Beholding Beauty: Saʿdi of Shiraz and the Aesthetics of Desire in Medieval Persian Poetry explores the relationship between sexuality, politics, and spirituality in the lyrics of Saʿdi Shirazi (d. 1282 CE), one of the most revered masters of classical Persian literature. Relying on a variety of sources, including unstudied manuscripts, Domenico Ingenito presents the so-called “inimitable smoothness” of Saʿdi’s lyric style as a serene yet multifaceted window into the uncanny beauty of the world, the human body, and the realm of the unseen.

The book constitutes the first attempt to study Sa‘di’s lyric meditations on beauty in the context of the major artistic, scientific and intellectual trends of his time. By charting unexplored connections between Islamic philosophy and mysticism, obscene verses and courtly ideals of love, Ingenito approaches Sa‘di’s literary genius from the perspective of sacred homoeroticism and the psychology of performative lyricism in their historical context.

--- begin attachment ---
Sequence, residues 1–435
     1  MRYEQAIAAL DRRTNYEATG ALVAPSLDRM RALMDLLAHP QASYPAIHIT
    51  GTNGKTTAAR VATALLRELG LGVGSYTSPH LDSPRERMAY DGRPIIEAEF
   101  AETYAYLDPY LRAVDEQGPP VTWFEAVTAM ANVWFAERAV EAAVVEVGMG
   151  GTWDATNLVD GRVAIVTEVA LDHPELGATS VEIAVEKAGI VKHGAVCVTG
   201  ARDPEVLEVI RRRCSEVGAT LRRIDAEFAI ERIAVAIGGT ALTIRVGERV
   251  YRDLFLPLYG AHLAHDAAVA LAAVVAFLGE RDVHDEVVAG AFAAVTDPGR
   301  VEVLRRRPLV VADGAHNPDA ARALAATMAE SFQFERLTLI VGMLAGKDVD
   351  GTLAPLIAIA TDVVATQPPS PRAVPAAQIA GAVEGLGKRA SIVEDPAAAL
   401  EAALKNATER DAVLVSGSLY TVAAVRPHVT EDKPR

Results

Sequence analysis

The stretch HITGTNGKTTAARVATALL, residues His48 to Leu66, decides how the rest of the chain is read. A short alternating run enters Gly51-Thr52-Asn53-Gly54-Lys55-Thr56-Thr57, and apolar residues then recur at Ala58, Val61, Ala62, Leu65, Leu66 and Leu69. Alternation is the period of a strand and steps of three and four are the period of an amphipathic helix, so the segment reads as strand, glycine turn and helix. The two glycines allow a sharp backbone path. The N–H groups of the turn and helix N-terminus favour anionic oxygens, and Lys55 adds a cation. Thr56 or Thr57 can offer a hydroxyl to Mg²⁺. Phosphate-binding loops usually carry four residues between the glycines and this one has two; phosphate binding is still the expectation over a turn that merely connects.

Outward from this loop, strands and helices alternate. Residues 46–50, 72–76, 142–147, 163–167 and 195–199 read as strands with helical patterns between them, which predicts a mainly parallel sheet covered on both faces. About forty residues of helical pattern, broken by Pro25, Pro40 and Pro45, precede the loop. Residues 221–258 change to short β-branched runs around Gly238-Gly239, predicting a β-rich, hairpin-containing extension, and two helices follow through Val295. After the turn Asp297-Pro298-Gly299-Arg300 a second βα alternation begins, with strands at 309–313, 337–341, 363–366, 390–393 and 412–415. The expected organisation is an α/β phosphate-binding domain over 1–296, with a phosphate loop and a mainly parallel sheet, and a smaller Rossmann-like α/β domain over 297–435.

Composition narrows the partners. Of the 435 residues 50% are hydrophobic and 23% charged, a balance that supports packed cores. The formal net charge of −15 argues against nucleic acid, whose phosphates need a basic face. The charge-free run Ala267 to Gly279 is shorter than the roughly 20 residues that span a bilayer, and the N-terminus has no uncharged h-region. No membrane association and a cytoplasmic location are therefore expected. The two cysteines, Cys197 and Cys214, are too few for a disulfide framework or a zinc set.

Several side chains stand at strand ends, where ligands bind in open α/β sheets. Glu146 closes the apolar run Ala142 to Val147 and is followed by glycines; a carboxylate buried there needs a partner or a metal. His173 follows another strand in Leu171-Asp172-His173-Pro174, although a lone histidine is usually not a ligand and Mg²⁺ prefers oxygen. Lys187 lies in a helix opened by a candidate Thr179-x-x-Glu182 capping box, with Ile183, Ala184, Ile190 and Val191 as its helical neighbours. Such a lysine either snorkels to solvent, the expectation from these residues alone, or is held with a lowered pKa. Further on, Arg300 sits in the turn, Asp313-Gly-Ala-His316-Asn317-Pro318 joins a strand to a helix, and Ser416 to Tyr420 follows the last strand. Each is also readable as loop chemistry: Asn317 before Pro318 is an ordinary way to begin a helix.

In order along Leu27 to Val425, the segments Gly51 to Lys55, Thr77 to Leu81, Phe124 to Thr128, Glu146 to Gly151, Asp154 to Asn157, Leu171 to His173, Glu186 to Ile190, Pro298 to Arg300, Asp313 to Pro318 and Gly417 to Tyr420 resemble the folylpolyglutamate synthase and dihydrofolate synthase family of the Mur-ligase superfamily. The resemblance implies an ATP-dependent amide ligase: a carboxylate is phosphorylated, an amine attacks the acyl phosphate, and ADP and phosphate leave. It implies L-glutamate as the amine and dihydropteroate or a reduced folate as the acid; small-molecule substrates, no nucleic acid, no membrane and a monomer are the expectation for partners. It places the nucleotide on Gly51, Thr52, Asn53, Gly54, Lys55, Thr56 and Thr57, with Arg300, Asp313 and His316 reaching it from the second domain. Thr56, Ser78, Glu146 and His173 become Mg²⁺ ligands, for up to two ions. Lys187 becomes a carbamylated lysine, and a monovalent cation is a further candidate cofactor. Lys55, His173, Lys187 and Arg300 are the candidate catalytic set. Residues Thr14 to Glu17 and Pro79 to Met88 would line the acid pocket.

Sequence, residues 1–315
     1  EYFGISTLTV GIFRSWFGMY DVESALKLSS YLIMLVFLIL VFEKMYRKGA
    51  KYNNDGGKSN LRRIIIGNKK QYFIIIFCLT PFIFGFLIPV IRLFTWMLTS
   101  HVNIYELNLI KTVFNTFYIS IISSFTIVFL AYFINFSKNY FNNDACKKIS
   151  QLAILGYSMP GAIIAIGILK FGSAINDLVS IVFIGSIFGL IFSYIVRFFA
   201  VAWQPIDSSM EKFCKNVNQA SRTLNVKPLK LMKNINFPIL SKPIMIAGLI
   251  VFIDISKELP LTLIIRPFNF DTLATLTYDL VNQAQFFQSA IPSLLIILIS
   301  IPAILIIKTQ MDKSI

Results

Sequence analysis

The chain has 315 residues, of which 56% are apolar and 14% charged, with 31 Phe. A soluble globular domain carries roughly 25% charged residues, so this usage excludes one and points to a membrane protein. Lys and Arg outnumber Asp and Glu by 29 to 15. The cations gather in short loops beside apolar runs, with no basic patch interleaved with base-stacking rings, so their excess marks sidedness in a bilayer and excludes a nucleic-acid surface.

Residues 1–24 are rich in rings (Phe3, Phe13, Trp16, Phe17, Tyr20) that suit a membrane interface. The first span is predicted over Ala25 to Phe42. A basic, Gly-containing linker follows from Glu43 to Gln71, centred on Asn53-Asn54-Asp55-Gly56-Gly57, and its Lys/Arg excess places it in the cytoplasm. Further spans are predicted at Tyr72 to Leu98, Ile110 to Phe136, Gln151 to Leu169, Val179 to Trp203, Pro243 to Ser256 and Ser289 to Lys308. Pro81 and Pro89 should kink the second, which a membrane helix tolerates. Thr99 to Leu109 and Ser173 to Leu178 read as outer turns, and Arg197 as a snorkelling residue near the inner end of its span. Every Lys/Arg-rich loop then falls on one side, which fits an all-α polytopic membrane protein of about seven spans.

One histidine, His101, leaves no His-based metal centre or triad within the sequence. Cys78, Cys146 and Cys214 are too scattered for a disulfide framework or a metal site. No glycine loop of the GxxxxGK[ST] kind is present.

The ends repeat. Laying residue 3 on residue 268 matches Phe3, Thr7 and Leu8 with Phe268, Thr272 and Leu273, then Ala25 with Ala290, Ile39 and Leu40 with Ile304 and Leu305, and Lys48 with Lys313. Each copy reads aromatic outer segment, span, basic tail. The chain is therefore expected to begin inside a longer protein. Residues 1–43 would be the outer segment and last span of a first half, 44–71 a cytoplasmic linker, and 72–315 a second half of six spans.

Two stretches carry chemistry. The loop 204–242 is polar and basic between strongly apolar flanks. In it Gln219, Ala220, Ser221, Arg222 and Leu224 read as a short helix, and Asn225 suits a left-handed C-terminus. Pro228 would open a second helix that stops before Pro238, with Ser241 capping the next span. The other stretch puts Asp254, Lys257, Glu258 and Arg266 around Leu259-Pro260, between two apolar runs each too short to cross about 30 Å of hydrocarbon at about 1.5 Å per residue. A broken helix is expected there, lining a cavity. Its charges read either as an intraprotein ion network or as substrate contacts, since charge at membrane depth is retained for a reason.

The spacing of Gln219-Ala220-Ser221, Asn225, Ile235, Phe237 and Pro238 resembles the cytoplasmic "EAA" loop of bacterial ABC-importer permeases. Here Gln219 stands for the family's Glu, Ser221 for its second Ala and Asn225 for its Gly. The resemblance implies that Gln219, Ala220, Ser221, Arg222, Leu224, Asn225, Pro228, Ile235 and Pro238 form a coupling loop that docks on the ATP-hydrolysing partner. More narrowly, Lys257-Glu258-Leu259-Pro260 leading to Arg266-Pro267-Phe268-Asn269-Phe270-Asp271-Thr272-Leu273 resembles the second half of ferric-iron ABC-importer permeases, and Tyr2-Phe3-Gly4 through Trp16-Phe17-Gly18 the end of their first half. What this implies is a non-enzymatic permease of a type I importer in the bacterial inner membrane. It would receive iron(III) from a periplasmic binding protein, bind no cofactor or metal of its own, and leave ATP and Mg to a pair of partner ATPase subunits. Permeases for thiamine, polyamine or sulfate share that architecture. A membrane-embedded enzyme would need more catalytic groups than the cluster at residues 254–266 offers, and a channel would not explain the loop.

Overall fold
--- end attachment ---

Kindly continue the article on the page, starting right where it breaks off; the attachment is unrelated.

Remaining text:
Author: Samira Verhees

This paper presents a description of evidentiality marking in the Rikvani dialect of Andi. As a language spoken in the Caucasus, Andi is situated in the center of a large area within Eurasia where evidentiality is frequently expressed with a perfect or resultative form of the verb (general indirective), and special particles marking hearsay (and sometimes also inference). Both are attested in Andi and form independent evidential paradigms. I will explore the way these forms are used in natural texts and elicitation and how they interact with each other. An important issue is to what extent evidentiality can be considered grammaticalized as part of the verbal paradigm in Andi. I will compare my observations on Andi to the systems found in other East Caucasian languages.

In: Iran and the Caucasus